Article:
Well, there it was a tax on logs which were owned by the in-State company, but we’ve had many cases before this Court where the party who was objecting before this Court was not the party dealing in interstate commerce but was just a local party who had dealt with someone who was in interstate commerce.

John Paul Stevens:

But have we squarely held that it would be impermissible to tax at a different rate the ownership in stock of a company that did its business in the State, as opposed to stock in a company that only did its business out of State?

Forget all the gradations of, you know, half… just the extreme polar cases.

Is that… you think that’s clearly invalid.

Jasper L. Cummings, Jr.:

Yes, sir.

John Paul Stevens:

And what is the closest case on that point, in your view?

Jasper L. Cummings, Jr.:

The closest case to the facts in this case, I believe, is Westinghouse v. Tully, the 1984 decision of this Court written, I believe, by Justice Blackmun.

Westinghouse v. Tully also involved the tax on a shareholder.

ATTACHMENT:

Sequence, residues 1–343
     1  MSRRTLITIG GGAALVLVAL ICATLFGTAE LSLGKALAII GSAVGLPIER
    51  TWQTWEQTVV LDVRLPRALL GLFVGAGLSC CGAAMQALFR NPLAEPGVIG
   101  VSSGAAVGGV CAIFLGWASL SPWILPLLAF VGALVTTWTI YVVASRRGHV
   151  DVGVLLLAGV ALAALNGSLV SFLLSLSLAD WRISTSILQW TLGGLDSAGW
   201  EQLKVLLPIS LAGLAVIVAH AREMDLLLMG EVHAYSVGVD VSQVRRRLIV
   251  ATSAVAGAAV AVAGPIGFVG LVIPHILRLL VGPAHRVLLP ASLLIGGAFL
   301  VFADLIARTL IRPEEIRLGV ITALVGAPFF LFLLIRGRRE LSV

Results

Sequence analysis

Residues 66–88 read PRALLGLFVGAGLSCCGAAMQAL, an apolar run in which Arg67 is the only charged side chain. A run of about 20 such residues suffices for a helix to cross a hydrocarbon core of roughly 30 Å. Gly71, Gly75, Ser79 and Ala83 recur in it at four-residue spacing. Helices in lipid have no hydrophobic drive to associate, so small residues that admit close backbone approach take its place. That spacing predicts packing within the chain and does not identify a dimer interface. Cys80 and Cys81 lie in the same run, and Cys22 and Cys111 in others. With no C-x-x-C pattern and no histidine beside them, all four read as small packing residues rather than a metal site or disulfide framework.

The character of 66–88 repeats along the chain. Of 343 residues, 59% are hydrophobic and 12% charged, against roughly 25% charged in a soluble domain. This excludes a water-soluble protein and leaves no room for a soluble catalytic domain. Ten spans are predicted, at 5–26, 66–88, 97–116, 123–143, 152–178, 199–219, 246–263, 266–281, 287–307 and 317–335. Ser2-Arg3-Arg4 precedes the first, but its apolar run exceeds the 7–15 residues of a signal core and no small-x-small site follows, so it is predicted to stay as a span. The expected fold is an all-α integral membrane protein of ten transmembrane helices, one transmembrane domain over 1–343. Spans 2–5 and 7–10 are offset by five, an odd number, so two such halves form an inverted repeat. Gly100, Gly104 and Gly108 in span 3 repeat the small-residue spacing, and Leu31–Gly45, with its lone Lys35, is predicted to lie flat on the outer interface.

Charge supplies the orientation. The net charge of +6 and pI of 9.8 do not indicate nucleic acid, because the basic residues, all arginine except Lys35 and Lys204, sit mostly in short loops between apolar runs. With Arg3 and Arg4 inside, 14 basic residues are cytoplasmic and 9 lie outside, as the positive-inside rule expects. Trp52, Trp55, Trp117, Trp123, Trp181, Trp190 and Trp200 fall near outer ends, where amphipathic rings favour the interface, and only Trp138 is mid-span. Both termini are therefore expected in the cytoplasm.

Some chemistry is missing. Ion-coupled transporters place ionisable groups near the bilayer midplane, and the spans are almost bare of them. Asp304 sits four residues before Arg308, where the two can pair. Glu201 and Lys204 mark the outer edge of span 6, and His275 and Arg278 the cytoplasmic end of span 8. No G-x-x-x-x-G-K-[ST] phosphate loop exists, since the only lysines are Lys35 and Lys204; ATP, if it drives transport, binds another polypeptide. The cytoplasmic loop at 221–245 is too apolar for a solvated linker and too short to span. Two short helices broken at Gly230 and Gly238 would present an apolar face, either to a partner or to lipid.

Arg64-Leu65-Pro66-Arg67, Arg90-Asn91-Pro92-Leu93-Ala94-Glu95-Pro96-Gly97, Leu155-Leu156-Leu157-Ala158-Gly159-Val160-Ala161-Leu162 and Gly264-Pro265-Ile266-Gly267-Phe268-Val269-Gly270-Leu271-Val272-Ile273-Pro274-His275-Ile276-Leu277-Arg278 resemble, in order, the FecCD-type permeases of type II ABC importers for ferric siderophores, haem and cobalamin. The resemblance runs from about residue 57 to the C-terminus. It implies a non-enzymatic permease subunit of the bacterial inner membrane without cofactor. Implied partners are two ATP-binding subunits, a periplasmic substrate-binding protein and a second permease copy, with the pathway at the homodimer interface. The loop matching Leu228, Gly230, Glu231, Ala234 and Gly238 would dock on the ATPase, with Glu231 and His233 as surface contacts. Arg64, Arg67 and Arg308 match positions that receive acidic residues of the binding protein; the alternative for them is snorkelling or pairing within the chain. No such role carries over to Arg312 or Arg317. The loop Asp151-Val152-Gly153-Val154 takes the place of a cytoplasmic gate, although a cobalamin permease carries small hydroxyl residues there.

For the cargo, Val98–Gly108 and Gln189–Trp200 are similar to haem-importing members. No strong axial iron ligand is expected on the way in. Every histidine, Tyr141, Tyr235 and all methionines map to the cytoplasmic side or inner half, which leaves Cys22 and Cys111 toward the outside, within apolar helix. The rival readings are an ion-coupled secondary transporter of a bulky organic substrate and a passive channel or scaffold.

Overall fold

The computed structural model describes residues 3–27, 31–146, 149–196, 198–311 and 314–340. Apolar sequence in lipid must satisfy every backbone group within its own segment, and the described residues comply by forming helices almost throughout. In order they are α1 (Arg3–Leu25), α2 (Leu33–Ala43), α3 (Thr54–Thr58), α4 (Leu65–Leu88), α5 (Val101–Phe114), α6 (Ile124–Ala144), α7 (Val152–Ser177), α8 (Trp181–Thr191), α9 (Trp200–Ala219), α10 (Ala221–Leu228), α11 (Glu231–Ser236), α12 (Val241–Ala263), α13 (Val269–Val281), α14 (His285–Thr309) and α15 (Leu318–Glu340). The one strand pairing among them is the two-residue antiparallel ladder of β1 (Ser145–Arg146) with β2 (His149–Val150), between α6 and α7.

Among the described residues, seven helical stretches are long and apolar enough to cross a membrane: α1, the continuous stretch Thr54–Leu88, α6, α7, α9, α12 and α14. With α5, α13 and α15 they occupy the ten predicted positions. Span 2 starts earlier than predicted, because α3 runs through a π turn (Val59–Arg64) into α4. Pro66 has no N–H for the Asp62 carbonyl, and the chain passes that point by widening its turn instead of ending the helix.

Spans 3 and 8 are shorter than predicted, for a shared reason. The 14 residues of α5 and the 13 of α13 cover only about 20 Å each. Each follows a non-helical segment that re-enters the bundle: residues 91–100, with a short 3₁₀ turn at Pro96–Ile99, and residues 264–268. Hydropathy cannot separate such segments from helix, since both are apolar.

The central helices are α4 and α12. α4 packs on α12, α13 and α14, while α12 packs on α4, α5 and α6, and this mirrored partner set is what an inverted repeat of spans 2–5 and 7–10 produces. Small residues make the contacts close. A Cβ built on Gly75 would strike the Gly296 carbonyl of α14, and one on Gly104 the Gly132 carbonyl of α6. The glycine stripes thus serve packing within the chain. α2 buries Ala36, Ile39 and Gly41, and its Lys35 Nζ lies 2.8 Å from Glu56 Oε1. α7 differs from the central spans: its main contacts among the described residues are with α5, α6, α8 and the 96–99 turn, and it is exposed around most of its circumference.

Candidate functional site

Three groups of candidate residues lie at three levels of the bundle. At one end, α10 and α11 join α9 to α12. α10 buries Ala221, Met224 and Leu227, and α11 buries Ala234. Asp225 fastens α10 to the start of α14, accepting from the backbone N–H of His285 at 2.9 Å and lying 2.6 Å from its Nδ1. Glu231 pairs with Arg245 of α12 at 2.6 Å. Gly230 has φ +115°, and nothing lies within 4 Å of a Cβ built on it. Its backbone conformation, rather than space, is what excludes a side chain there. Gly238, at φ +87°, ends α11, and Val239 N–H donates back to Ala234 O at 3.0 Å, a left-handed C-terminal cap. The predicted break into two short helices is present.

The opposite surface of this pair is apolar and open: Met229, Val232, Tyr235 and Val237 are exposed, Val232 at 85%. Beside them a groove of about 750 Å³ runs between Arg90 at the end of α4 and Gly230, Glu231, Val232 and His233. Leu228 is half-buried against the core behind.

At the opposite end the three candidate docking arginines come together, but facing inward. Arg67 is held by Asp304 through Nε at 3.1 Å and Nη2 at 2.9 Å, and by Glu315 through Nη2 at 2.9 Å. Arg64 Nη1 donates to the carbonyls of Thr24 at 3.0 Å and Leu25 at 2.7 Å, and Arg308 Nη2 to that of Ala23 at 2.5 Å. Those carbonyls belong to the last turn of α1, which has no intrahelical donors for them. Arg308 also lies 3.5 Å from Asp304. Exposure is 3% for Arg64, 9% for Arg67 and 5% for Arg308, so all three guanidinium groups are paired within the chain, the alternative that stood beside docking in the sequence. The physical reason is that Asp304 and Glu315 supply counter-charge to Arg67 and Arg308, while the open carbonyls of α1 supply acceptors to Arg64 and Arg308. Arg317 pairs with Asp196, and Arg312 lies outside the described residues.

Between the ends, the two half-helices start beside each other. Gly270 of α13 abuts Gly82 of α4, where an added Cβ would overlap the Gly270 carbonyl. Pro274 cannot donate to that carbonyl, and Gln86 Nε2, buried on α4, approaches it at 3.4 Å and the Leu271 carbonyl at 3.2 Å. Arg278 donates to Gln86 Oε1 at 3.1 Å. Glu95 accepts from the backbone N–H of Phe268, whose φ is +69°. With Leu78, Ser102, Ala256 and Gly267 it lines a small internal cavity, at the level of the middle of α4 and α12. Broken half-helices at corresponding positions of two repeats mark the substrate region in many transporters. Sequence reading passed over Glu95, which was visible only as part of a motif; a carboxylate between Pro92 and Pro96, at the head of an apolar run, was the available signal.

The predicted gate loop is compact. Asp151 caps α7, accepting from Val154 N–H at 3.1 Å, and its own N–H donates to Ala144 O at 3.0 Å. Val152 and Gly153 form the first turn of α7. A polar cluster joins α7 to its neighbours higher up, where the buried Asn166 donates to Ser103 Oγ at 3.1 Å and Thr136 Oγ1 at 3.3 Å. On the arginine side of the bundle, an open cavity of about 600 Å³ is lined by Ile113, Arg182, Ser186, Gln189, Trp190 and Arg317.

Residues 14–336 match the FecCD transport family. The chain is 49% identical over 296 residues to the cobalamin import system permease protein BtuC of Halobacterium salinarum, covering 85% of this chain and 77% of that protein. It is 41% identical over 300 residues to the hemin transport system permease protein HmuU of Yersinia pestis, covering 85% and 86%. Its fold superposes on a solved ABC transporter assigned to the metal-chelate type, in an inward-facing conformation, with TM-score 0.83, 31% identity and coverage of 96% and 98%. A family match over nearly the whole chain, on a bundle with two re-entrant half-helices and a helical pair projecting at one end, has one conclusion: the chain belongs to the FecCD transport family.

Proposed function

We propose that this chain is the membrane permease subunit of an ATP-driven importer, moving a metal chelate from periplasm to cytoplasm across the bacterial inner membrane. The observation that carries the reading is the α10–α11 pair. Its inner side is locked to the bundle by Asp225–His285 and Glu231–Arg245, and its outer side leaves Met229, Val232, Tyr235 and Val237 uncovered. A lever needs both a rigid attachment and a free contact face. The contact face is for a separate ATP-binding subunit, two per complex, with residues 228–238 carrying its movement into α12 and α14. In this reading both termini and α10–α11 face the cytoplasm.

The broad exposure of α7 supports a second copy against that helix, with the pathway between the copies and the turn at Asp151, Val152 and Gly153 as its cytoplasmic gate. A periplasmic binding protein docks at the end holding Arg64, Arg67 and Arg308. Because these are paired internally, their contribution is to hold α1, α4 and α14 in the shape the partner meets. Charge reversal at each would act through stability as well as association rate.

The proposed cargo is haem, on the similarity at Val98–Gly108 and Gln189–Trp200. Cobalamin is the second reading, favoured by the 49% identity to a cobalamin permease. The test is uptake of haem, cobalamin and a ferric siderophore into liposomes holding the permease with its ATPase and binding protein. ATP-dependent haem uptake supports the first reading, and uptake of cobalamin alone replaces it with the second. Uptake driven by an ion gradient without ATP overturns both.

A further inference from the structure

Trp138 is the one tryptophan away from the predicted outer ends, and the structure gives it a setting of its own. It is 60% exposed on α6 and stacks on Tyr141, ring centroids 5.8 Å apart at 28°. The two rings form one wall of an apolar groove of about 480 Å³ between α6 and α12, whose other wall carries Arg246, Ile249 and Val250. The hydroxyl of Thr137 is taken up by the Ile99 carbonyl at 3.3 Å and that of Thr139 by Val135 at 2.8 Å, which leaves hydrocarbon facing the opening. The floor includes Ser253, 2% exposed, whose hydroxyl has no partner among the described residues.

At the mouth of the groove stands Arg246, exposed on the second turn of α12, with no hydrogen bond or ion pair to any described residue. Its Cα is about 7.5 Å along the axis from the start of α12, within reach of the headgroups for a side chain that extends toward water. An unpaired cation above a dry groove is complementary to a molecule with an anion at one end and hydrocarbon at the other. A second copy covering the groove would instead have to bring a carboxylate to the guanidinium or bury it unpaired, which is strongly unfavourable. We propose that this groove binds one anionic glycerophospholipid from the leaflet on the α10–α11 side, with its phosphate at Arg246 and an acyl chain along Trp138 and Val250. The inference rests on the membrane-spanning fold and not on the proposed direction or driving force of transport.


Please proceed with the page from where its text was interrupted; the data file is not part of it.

The shareholder in that case was Westinghouse Corporation.

It had a subsidiary that was a DISC, a domestic international sales corporation, and the tax at issue was the parent’s franchise tax.

Jasper L. Cummings, Jr.:

The franchise tax was computed in a way that increased the parent’s franchise tax as the subsidiaries exports through the ports of other States increased.

It didn’t matter that the exports through the ports of the State of New York stayed the same, but if the subsidiary did more activity in interstate commerce, the shareholders’ franchise tax went up.

We submit that that same type of discrimination exists here.

Under the–

William H. Rehnquist:

The Court… are you saying the Court struck down the tax in Westinghouse v. Tully?

Jasper L. Cummings, Jr.:

–Yes, Your Honor, the Court struck down the tax on the shareholder, which was a franchise tax in that case.

So we have here both the facial discrimination, which as I indicated was admitted both in the brief and by the North Carolina supreme court, we have the actual penalty against interstate commerce, in that here the corporation could do the same amount of business in the State of North Carolina but could expand its business in interstate commerce and as a result of that the shareholders’ stock tax will go up.

So therefore the two taxes, the stock tax which my client has paid and the corporate income tax which is said to be a compensatory tax, which we will get to in a minute, are not in this case mutually exclusive proxies for each other.